O'BRIEN: So when you heard Mitt Romney laying out sort of his immigration policy and plan if he were president, where do you see opportunity in that?

CUTTER: Well, I see opportunity in that Mitt Romney has the most extreme position on immigration of anybody running for president, any nominee running for president in years. He is supporting the Arizona plan, which even other border states don't support because it's the extreme.

There's a reason why even the Catholic bishops are against the Arizona plan. There's a lawsuit there for a reason. So, you know, I think Mitt Romney's support of that. I'm sure it will be talked about should he be the nominee in the general election.

I think he's alienating a lot of the voters by doing that. The truth is the border has been secured under this president. He has been fighting for comprehensive immigration reform. He's done what he can through administrative action to strengthen our laws, to ensure that we're deporting criminals.

That we're using our resources wisely and that the border is protected. But Mitt Romney is going so far to the right on immigration that it will be worth talking about in the general election.

WILL CAIN, CNN CONTRIBUTOR: Hi, Stephanie, Will Cain. You used an interesting phrase a moment ago. You said let's see -- it was a contest to see who can run the furthest to the right and you talked about immigration.

But also on earmarks, I find that curious. Are earmarks a left/right issue? Is President Obama's position then somehow in opposite of that? Is he in support of earmarks? Is it something he says earmarks are no big deal then. I don't understand what is the left/right issue?

CUTTER: I think it's an issue of government accountability. And the president actually put a halt to earmarks, but he's honest about it. You know, there should be transparency that we shouldn't be using taxpayer dollars for pork projects back home. But the interesting thing I thought last night was that they were attacking each other for something that they've all done.

CAIN: If President Obama has the same position, it's not really them running to the right on earmarks then.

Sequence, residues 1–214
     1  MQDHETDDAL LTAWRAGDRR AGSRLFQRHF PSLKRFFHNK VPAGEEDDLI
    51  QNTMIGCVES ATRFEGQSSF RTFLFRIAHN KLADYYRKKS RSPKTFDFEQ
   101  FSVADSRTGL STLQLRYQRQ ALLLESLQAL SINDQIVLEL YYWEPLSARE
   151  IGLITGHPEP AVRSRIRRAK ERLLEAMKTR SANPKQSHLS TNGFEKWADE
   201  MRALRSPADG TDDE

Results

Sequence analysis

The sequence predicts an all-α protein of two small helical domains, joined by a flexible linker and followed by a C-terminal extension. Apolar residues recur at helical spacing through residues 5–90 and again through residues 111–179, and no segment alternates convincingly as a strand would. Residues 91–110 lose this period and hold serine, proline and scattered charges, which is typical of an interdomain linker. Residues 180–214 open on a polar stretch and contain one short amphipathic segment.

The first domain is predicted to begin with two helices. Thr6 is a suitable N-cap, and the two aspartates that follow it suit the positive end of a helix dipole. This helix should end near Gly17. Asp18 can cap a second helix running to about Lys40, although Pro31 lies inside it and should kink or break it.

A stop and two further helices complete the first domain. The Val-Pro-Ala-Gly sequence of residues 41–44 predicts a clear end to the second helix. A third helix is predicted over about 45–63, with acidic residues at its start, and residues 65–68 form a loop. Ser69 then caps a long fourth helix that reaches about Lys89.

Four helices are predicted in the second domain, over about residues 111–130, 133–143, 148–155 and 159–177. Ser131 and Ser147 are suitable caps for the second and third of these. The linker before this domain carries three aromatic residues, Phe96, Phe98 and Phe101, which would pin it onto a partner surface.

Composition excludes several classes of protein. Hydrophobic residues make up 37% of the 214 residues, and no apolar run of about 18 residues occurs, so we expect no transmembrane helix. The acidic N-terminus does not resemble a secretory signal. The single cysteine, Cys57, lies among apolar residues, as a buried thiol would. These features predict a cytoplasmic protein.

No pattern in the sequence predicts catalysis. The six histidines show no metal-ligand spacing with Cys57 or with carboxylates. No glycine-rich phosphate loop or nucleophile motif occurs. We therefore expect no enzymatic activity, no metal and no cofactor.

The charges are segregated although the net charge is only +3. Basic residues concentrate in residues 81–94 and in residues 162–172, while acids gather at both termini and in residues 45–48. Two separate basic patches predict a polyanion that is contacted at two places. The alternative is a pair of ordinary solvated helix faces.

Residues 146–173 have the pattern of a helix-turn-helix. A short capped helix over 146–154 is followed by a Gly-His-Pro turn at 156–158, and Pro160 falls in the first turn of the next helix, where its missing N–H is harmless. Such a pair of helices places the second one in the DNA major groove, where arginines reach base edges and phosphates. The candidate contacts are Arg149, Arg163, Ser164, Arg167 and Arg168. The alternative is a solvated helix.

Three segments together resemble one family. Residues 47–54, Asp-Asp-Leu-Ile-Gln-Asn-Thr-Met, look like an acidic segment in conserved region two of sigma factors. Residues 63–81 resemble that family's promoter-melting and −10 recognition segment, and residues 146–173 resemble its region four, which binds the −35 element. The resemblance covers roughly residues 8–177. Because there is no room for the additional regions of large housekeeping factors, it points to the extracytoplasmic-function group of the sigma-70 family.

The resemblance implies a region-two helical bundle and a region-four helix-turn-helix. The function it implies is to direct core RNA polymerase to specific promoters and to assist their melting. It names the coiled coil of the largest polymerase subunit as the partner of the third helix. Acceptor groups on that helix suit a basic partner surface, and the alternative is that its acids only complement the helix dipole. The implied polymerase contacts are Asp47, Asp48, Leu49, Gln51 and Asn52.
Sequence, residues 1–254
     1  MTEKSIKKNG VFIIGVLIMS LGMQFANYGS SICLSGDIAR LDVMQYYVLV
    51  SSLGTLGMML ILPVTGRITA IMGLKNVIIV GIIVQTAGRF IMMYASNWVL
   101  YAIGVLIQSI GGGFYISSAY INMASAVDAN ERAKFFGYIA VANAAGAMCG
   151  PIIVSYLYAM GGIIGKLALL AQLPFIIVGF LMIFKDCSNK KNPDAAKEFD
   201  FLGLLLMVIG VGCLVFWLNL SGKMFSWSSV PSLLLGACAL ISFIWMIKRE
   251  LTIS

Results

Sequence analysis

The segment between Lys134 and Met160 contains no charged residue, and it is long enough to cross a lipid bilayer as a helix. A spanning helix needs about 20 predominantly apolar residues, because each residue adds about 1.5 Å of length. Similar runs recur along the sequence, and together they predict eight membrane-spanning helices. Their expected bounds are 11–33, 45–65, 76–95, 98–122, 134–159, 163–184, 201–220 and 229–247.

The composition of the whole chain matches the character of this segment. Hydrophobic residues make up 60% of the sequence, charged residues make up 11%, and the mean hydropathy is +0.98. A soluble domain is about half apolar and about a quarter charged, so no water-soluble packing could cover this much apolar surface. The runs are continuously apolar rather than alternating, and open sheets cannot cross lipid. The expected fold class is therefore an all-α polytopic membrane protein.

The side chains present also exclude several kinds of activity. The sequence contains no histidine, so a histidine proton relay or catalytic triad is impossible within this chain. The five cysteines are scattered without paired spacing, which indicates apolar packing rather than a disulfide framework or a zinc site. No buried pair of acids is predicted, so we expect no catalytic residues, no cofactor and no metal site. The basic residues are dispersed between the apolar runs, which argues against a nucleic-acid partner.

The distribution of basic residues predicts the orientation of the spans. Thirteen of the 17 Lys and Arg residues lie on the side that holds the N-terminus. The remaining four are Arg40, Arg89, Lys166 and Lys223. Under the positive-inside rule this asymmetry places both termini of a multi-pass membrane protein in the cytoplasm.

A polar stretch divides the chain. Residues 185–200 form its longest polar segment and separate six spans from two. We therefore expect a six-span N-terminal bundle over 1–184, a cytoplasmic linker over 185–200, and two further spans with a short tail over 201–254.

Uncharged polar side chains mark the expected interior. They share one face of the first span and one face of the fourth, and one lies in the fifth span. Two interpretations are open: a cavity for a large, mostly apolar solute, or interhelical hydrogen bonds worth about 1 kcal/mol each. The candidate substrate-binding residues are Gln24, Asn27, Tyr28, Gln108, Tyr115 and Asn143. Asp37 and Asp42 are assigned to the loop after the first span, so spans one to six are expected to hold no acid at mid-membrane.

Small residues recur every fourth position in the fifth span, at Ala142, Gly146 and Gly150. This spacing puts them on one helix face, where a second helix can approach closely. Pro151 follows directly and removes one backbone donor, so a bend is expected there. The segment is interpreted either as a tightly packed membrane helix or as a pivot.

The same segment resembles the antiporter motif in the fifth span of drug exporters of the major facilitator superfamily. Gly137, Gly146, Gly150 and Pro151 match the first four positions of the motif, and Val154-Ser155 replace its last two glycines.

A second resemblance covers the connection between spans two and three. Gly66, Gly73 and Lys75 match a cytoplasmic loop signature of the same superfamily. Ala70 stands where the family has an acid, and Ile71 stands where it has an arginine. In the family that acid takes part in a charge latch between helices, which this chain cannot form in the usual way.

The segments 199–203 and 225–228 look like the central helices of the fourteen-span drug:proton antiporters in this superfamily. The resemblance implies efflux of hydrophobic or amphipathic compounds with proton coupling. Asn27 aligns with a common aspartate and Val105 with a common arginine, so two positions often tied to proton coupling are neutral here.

CUTTER: Well, except that the Tea Party has a very strong position against earmarks. They have a very strong position against any government spending and they have a very strong position about being of Washington in Washington.

And Mitt Romney's attacking Rick Santorum for being part of that where Mitt Romney has taken advantage of Washington himself. I think that plays to their Tea Party base, the votes that they're fighting for right now in Arizona, Michigan and elsewhere. That's the point that I was making.

O'BRIEN: Stephanie Cutter is the Obama deputy campaign manager joining us this morning. Thanks for being with us. Appreciate it.

CUTTER: Thank you.

O'BRIEN: Will Cain. CAIN: I have to say, Soledad, it's just odd to me. So is the Democratic position then not opposed to earmarks? Is it not opposed to deficit spending? Not opposed to running up big budgets? I mean, if that is a hard right position, what does that mean the left's position is?

O'BRIEN: I thought what she was saying was that when she says move to the right, I hate to speak for Stephanie, certainly, but wasn't she sort of saying like you're trying to get points with the Tea Party.

UNIDENTIFIED MALE: Yes, she's saying it's a far right commitment --

CAIN: There are all issues that we can agree on. I don't know (inaudible) what characterizes far right. If you want to say they ran to the right, I think you need to be careful and be very choosey about her words.

MARC LAMONT HILL, PROFESSOR, COLUMBIA UNIVERSITY: No, I think she was. She's saying that she was trying to appeal to the Tea Party base, which has made an express commitment to eliminating earmarks and that's why they're --

O'BRIEN: And as they said in the debate, people who had asked for earmarks more than saying, well, no, I don't support earmarks partly to appeal to --

CAIN: That's possible.

HILL: -- the Democratic Party concerned about those issues.

O'BRIEN: We can always discuss it.

All right, we have to take a break. Ahead on STARTING POINT, we're going to talk about Latinos and immigration, two fastest growing voting bloc in the United States.

An estimated 12 million Latinos will vote in the fall and also "Time's" cover story. Will Latinos pick the next president?

And cold turkey in a pill. You can shut off addiction? Dr. Sanjay Gupta is going to join us next to talk about that. Here's Sanjay's playlist, Jason Mraz.

No judgment, just confusion. Look at Sanjay, what is wrong with you? Obviously, I need to add this to my playlist. We're back in a moment.


O'BRIEN: That's Finger Eleven, "Paralyzer."

Sanjay, you and I need to get together later and swap out music --


-- because I'm guessing you have no gospel and I have no whatever that was, which I liked.



O'BRIEN: You do? Yes, all right.

GUPTA: I like a wide variety. I like bands with a story behind them. Finger Eleven is a great band.

O'BRIEN: Oh. And I like that about you.

All right, let's talk about addiction this morning. You say you can possibly break an addiction cold turkey using a pill and that there are medications that short circuit addiction. Are they truly effective? Are they used all the time?

Sanjay is going to look at that for us this morning.

Good morning.